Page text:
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Mana reo: The Learning Worlds of Endangered Language Learners - te reo Māori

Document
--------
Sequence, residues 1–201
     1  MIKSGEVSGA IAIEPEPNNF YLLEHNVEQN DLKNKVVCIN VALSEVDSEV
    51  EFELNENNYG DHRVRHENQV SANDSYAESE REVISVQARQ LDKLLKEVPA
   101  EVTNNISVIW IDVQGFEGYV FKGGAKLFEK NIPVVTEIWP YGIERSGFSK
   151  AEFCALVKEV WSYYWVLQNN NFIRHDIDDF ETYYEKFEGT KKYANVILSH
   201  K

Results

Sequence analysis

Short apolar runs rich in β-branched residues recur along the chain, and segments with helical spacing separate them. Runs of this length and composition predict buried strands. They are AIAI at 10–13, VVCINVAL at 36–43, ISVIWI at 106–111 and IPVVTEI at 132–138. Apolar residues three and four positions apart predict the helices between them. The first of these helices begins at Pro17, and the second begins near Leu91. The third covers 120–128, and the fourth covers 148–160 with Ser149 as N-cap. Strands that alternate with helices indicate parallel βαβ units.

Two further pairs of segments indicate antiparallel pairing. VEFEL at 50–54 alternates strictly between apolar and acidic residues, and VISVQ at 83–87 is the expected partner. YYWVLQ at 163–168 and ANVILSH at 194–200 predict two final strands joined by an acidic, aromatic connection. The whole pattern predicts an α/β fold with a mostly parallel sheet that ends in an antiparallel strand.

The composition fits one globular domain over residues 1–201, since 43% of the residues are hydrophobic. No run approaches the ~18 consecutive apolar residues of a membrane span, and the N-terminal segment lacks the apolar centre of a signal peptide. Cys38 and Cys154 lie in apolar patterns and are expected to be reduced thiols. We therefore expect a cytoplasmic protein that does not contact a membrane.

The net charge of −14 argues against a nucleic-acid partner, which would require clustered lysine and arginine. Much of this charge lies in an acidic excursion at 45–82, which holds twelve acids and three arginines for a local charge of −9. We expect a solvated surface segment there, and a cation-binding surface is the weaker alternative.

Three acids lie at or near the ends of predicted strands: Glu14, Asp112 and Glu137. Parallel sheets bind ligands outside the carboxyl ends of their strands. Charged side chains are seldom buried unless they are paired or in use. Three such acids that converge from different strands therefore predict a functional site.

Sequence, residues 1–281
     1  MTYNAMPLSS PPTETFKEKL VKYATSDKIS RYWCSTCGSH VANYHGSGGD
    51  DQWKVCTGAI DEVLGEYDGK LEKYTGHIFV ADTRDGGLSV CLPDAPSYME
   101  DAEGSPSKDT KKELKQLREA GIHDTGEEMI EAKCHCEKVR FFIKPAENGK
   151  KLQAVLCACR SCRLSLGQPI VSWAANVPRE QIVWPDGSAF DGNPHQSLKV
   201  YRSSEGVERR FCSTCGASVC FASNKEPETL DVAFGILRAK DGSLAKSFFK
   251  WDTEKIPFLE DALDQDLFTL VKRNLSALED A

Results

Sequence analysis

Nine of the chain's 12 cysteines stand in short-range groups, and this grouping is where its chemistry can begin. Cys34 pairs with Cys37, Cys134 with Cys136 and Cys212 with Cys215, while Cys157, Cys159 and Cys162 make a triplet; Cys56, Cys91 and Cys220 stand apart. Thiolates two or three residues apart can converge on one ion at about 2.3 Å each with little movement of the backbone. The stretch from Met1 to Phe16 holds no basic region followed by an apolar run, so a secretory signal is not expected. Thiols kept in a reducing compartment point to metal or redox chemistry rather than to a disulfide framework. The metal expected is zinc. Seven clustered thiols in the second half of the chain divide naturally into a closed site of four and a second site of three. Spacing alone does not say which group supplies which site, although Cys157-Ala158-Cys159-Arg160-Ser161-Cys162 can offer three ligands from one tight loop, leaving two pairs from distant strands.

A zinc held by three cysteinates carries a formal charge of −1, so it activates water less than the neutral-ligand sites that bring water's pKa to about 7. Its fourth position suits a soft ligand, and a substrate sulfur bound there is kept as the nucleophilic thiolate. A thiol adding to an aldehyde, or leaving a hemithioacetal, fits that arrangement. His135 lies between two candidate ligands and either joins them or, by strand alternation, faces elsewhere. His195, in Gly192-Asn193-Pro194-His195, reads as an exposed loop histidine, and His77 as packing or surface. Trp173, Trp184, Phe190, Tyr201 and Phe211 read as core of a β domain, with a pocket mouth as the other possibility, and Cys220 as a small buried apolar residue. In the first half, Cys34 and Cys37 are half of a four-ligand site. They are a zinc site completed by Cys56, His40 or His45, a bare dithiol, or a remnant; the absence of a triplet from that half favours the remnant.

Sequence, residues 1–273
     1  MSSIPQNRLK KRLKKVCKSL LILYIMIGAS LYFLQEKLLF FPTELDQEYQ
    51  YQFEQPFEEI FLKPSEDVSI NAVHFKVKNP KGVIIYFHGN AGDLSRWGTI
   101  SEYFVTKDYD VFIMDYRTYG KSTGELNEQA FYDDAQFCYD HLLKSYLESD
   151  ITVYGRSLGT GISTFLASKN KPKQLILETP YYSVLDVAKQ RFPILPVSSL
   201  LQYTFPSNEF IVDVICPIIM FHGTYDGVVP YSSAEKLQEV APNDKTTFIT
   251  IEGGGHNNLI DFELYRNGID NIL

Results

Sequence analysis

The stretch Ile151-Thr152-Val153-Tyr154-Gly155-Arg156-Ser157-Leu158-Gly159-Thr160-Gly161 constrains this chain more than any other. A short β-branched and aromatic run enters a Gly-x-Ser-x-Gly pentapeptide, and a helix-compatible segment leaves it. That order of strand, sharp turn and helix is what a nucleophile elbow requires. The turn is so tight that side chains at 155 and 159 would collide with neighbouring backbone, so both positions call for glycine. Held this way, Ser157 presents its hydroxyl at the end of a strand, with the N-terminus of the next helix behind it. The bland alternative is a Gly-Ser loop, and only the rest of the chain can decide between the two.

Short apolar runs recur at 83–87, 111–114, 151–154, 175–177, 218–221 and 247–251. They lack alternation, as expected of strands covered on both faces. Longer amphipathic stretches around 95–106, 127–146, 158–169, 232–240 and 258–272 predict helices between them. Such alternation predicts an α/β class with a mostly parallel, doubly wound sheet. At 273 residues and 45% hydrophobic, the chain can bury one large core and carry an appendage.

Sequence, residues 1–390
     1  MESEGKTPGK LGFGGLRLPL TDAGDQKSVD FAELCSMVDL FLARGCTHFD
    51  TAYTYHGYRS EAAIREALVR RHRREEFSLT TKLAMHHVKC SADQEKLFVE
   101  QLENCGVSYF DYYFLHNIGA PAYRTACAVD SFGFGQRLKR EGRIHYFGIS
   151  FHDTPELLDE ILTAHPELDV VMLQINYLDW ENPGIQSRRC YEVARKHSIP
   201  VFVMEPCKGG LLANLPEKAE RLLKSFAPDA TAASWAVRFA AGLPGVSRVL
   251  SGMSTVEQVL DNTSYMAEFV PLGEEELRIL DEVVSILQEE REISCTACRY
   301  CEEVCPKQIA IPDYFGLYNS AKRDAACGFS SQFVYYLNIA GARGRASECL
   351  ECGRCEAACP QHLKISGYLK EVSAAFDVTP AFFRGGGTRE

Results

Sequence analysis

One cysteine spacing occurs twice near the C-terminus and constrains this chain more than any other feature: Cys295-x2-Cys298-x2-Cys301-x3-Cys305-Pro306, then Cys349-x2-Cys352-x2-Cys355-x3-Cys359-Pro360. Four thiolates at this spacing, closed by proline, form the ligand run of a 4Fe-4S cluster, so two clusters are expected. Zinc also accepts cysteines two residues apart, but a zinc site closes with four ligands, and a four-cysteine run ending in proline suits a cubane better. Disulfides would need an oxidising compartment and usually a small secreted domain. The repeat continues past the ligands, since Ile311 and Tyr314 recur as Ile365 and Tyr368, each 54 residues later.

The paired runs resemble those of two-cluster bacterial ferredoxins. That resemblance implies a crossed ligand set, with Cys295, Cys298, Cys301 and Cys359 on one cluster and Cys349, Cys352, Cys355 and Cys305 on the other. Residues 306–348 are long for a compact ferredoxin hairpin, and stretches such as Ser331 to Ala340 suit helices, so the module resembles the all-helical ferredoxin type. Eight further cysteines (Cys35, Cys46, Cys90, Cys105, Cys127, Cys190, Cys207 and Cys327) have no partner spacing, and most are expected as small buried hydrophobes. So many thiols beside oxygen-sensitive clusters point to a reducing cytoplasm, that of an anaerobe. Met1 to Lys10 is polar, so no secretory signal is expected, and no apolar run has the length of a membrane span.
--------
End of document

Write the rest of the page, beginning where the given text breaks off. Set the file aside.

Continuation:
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Endangered languages create learning and social contexts that are different from learning dominant majority languages. As a field with its roots in the Anglo-American tradition there is huge scope for SLA to be more inclusive of language and social contexts where linguistic and cultural pluralism is a given, not a deviation. This thesis contributes to a wider understanding in the combination of theoretical and contextual diversity and linguistic heritage in endangered language acquisition (ELA). To explore this idea in context this study focuses on second language (L2) learners and new speakers of Māori to provide a portrait of an under-acknowledged group and understand their role in the language’s future at a critical point in the vitality of te reo Māori. This poses question around the role of L2 learners in endangered language revitalisation. How do L2 learners locate themselves in the context of language revitalisation? What are L2 learners’ perceptions of the community and the individual in the revitalisation of te reo Māori? What role does the Māori language have Māori life and has this changed over the last 40 years of the Māori language movement? What terminology do L2 learners describe themselves? What factors of L2 learning have helped language development the most? And finally, what have been some of the struggles of L2 learning of Māori? As a study of Māori language speakers it is grounded methodologically in a framework that views and shapes all participants in Māori worlds, including the Pākehā researcher. In negotiating this space and drawing on the wisdom and experience of other Pākehā researchers, the thesis hopes to be part of an existing intellectual narrative around theoretical and practical aspects of Pākehā identity in and engagement with Māori worlds. This study draws on four decades of experience in Māori language revitalisation through its participants, who reveal Māori language learning as a site of multi-level hegemonic resistance, mediated access to the language and disruption to traditional roles. The study highlights the possible repercussions in restricting Māori language learning to ‘mainstream’ tertiary institutions as it becomes increasingly vulnerable to prevailing neoliberal policies and hegemonic practices. However, the most important and revelatory feature of the participants’ stories and the literature is that we can recast the earliest theoretical and philosophical endeavours of Māori language revitalisation in Kōhanga Reo and Te Ātaarangi as pivotal to its success. And equally, to celebrate Māori language communities’ extraordinary efforts since the 1970s to contribute towards a more sophisticated understanding of the social conditions of eL2 (L2 learners of endangered languages) as they take their ancestral languages into the 21st century.